Here's a fascinating round-up of sensory research from Discover involving our favorite foodstuf:
Previous research has indicated that showing subjects "geometically sharp" objects before having them sample cheese contributed to the subject's perception of cheese as tasting sharp; a case of a sensory metaphor affecting actual sensory perception. Scientists at Oxford University wondered if the perception of sharpness could actually transfer to cheese to eating utensils, which, after all, are a sharp class of objects.
Her work on the trippy and poignant Adventure Time should give you a clue for what to expect.
Can't wait to see what she comes up with next.
Here at the culture offices, we're excited about wine.
Some of you may know it; a wonderful, traditional beverage, it offers a whole world of taste sensations, and has a noble history of its own. But we sometimes feel like it lives in the shadow of its more illustrious pairing pairing partner, cheese. In an attempt to bring some light to wine's sometimes obscure world, we'd like to offer this introduction to some common wine terms, translated for the cheese enthusiast.
Tasting Tuesdays have become a regular feature over at the Boston office, and when they asked me to pitch in, of course I said yes. It didn't hurt that they were sending me Beemster's XO Gouda, which is one of my avowedly favorite cheeses. XO is aged 26 months, and has a wonderful grainy texture because of it, along with a sharp-sweet-savory flavor like that reminds me of a liquor-filled, salted caramel bonbon.
Once again, true love found a whey in our 2013 cheese-love poetry contest.
wendyleek was the soul of brevity with her three line pun-fest, while Coffee Lover charmed some of our judges with her innocent simplicity. Finally, monger Gordon Edgar's elegant sestina took the prize for its deeply felt examination of a life working in cheese.
As the year winds down and the best-of lists start flying, I'd be remiss not to single out some of the best, blog-est and most interesting cheese stuff we've encountered on the blog in 2012:
My inner anarchist delighted in cheese-smuggling Canadian cops who confirmed that the siren song of cheese crime corrupts even (or especially) the law.
After a period of reflection and repair in the wake of Hurricane Sandy, the judges have reached their decision on our 2012 Scary Dairy Contest.
First prize goes to Erin Thorne's gooey tale of cheese voodoo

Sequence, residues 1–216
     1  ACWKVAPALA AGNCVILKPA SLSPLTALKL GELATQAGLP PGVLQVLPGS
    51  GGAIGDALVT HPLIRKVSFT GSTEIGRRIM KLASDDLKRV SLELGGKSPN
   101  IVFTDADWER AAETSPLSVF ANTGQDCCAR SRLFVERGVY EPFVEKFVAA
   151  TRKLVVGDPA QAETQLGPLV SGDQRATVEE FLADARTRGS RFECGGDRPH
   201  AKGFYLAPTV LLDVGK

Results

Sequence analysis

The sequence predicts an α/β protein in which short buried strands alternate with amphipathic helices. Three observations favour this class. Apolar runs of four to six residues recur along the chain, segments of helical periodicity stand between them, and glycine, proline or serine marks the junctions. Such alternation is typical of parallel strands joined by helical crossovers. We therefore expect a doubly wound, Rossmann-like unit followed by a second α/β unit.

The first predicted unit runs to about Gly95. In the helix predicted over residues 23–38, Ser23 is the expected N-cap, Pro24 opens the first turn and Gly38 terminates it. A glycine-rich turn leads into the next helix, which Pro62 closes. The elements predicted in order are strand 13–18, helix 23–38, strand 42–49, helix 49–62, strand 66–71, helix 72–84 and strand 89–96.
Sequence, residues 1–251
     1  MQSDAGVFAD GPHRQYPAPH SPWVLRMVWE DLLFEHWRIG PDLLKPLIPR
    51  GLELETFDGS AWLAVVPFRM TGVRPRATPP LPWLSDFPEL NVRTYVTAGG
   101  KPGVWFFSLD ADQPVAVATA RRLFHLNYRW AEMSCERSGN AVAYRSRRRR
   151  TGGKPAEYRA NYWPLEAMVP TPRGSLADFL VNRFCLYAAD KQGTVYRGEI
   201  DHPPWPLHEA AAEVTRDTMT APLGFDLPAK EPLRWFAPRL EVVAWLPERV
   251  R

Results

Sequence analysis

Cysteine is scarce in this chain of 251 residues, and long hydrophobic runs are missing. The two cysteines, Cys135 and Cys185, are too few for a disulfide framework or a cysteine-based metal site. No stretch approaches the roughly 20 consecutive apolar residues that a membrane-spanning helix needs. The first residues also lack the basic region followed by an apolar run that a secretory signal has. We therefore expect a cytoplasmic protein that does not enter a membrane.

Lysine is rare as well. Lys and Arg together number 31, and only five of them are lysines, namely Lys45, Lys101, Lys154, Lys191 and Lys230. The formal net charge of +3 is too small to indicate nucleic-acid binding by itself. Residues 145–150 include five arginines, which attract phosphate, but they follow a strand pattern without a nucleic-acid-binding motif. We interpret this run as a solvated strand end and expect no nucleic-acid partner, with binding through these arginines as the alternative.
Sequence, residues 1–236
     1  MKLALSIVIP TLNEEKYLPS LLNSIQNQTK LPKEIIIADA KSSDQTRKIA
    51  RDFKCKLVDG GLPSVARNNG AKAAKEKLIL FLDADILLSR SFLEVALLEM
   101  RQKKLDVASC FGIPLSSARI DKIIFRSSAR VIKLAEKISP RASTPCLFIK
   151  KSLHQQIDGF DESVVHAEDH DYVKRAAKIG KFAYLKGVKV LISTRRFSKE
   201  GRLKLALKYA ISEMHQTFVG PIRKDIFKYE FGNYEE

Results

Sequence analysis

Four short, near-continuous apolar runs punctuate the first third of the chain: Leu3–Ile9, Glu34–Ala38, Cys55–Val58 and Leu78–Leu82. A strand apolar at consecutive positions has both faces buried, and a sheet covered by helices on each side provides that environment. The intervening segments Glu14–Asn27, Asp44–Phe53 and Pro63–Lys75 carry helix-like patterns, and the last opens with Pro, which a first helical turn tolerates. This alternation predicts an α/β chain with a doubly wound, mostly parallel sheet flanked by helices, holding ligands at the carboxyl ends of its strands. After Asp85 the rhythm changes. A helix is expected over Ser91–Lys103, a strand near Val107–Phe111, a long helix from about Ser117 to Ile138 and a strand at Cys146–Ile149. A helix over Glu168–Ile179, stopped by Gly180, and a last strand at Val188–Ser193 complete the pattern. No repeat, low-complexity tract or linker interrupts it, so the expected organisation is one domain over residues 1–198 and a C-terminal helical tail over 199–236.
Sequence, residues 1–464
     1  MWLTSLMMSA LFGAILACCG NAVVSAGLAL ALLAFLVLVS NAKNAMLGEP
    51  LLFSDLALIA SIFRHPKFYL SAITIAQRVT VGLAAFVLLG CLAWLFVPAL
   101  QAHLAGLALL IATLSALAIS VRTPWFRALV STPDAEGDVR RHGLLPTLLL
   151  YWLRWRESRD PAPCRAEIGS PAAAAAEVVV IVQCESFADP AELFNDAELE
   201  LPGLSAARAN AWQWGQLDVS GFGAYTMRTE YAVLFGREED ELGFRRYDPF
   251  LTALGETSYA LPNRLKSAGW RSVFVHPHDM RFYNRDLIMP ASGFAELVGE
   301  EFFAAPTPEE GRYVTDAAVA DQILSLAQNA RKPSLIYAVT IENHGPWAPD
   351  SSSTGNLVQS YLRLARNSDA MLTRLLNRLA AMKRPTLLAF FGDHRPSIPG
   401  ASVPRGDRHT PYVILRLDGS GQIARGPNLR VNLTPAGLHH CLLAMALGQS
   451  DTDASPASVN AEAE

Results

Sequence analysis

Erin Thorne's story "I'm Melting" starts strong, establishes characterization right off the bad and ends with the perfect blend of horror and dairy. The cheese is integral to the plot without being obvious.
Erin Thorne, with her tale of scorned love and Voodoo dolls of cheddar, wins first place. Her original idea and clever execution (of the words and of the antagonist) made the perfect Scary Dairy tale.
Kristi Petersen Schoonover:
What is Scary Dairy? It's the rasp of a grater wielded by a mad monger, a ghostly image imprinted on the face of the pizza, the cold panic of losing your bread in the burbling depths of the fondue.
Scary Dairy is our annual Halloween short story contest.
The rules are simple: spin a spooky cheese-centric tale of terror in the comment thread below, ~500 words or less. The best story will win a bag of cheesy Halloween tricks and treats. We will pick a winner November 1st.
Just a reminder: our deadline for our Thanksgiving Recipe Contest is Sunday, October 28.
If your goat cheese dish is one of the three deemed turkey-worthy, Laura Chenel's Chevre will send this for your conucopia:
Three varieties of LCC's fabulous fresh and aged goat milk cheeses, along with some luscious Gravenstein Apple Chutney and a spicy Fig Jam from their neighbors here in Sonoma, California. It's a seductive pairing, guaranteed to win over fans of football, parade floats, and pumpkin pie alike.
It's nearly that time of year again. The family gathers, sounds of football playing in the background. The table is set. It groans with food: the massive brown bird, the hot stuffing, rich with gravy. Potatoes, sweet and mashed. Pies, at least pumpkin, or sweet potato; sometimes apple and more.
WHAT'S MISSING FROM THIS PICTURE?
This is odd, because according to the Plymouth Plantation museum, as early as 1627 the Plymouth colony had quite a dairy herd: